Rep. Patrick McHenry, the chair of the House Financial Services Committee, has announced that the committee will collaborate with the House Agriculture Committee to draft crypto legislation. The joint public hearings will begin in May, and the goal is to produce legislation that oversees the crypto industry within the next two months. Speaking at CoinDesk’s Consensus 2023 event, McHenry stated that the bill would address both securities and commodities regimes and deal with issues that are challenging to fix on either side. When asked if the bill could be signed by President Joe Biden within the next 12 months, McHenry replied affirmatively but noted that legislating something new into existence is always a challenge.
Sen. Cynthia Lummis, who was a panelist at the event, expressed enthusiasm for coordinating efforts with McHenry and stated that the House had a better chance than the Senate at passing legislation sooner. Lummis introduced the bipartisan Responsible Financial Innovation Act last year, which aimed to create a regulatory framework for the industry. She mentioned at the event that an improved version of the bill would be unveiled in six to eight weeks, with a stronger focus on national security and cybercrime.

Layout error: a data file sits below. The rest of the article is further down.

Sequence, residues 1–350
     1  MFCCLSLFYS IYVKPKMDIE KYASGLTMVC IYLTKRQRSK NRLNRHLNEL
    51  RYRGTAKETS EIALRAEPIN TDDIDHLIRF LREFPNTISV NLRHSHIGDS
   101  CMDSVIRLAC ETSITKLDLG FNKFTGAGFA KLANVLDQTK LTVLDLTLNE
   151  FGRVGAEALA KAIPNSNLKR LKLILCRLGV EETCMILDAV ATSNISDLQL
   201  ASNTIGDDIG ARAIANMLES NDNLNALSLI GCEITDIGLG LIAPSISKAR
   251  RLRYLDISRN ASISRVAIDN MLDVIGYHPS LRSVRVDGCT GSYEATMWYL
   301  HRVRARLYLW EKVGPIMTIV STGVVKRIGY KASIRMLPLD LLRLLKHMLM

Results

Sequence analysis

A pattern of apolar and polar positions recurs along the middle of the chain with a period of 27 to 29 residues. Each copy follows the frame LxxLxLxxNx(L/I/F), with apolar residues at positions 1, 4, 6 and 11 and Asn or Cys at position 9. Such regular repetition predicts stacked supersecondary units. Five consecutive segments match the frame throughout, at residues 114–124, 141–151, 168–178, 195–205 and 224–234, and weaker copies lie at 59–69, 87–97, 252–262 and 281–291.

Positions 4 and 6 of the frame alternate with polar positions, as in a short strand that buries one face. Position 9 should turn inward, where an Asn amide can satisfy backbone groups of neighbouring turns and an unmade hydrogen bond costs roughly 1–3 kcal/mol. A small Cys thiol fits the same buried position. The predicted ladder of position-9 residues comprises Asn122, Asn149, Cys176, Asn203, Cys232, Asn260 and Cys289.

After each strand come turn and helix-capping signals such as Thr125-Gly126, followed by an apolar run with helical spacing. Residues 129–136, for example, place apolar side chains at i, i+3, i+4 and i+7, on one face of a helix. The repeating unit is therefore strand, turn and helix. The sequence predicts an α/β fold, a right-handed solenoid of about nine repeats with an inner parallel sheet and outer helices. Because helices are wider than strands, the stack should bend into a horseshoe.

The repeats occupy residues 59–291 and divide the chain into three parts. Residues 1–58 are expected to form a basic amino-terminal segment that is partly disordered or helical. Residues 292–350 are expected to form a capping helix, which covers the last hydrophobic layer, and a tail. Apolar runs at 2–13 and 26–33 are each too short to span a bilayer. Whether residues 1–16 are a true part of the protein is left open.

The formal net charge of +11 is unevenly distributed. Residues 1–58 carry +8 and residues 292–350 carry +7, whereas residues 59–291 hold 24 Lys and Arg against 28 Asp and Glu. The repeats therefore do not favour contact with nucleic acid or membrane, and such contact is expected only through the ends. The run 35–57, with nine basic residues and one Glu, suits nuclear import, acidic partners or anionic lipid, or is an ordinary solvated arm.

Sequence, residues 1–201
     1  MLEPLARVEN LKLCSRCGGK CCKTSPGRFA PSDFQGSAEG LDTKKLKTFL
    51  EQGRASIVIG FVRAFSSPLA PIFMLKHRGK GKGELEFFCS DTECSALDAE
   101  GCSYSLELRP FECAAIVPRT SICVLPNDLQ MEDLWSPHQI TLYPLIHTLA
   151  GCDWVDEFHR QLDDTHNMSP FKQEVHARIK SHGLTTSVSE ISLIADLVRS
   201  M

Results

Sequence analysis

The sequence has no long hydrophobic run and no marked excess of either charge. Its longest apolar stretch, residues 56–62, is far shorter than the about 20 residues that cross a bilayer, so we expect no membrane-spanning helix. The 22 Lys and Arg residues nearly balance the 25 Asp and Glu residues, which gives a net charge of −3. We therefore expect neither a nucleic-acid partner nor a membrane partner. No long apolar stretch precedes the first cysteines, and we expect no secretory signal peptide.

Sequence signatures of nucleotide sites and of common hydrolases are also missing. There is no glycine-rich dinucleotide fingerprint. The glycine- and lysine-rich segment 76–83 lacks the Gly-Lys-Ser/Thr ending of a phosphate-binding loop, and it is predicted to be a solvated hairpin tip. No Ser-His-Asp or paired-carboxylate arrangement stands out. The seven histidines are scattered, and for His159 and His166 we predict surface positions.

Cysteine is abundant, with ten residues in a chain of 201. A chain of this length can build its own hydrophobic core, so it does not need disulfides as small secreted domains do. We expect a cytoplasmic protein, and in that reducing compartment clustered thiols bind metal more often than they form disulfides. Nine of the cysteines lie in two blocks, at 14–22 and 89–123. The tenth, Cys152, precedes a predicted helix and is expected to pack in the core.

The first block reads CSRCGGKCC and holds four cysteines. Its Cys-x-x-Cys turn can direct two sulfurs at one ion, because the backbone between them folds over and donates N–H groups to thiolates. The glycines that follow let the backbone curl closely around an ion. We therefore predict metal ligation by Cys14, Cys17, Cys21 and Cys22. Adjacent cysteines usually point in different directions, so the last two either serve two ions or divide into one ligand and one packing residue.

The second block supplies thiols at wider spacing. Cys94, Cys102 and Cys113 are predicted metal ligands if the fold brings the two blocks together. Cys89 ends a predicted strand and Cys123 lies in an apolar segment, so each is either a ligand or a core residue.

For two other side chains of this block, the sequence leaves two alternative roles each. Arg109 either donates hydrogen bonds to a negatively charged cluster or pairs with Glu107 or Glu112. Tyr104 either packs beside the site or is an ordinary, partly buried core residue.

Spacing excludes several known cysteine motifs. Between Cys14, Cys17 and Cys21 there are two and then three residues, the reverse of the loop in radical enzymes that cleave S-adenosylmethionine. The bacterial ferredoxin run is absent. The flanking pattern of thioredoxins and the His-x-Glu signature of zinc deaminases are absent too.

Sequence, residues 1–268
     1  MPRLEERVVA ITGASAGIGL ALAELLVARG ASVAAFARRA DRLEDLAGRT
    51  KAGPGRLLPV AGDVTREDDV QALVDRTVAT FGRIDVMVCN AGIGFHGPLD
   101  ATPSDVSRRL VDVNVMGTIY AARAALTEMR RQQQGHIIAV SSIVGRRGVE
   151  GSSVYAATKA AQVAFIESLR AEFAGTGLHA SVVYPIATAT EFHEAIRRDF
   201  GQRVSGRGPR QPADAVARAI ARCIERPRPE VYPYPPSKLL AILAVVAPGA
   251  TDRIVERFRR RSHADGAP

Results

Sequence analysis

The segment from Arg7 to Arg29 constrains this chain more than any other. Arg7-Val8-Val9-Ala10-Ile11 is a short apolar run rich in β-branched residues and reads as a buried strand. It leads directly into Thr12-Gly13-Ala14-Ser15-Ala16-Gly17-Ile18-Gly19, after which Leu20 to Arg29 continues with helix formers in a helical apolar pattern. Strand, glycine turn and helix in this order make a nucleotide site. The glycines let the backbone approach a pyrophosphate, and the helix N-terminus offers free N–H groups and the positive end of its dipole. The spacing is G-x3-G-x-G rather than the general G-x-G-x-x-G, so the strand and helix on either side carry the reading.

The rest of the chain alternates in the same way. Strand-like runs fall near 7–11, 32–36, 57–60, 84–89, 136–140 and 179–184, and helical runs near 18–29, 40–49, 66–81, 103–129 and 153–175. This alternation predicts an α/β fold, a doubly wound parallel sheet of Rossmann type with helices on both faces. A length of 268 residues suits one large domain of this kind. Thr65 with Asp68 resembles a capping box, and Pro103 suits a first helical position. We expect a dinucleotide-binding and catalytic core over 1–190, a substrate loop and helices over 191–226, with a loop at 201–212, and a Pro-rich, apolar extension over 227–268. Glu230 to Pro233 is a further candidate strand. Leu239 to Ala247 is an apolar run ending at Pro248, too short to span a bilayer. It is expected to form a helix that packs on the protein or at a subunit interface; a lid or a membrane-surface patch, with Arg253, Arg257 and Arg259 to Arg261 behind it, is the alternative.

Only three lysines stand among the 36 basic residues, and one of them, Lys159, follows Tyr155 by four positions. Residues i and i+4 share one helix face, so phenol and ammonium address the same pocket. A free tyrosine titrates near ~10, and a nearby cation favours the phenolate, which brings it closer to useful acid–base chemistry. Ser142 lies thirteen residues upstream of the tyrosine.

Despite several bills advancing on Capitol Hill last year, the U.S. Congress has been unable to pass comprehensive legislation on crypto. However, Republicans on the House Financial Services Committee introduced a discussion draft this month in their second effort at stablecoin legislation, with the aim of finding bipartisan support. The bipartisan bill introduced in both the U.S. Senate and House of Representatives last week calls for the federal government to study crypto use cases for illegal activity, including how terrorists or other criminals might use cryptocurrencies.
Lawmakers are under increasing pressure to legislate the industry following the collapse of the FTX crypto exchange and the recent crypto banking collapse. McHenry referred to crypto’s recent role in the U.S. banking crisis as “Operation Choke Point 2.0” and stated that Congress must provide clarity and fix the problem to ensure that the industry’s banking relationships are secure.
In contrast, other jurisdictions such as the European Union have approved the Markets in Crypto Assets (MiCA) law, making it the first major jurisdiction in the world to introduce a comprehensive crypto law. Regulators in Japan and the United Arab Emirates have also moved towards regulating the space, while Hong Kong and the UK are revisiting their approach to crypto. Despite these efforts, Lummis believes that the US is falling way behind and needs to catch up.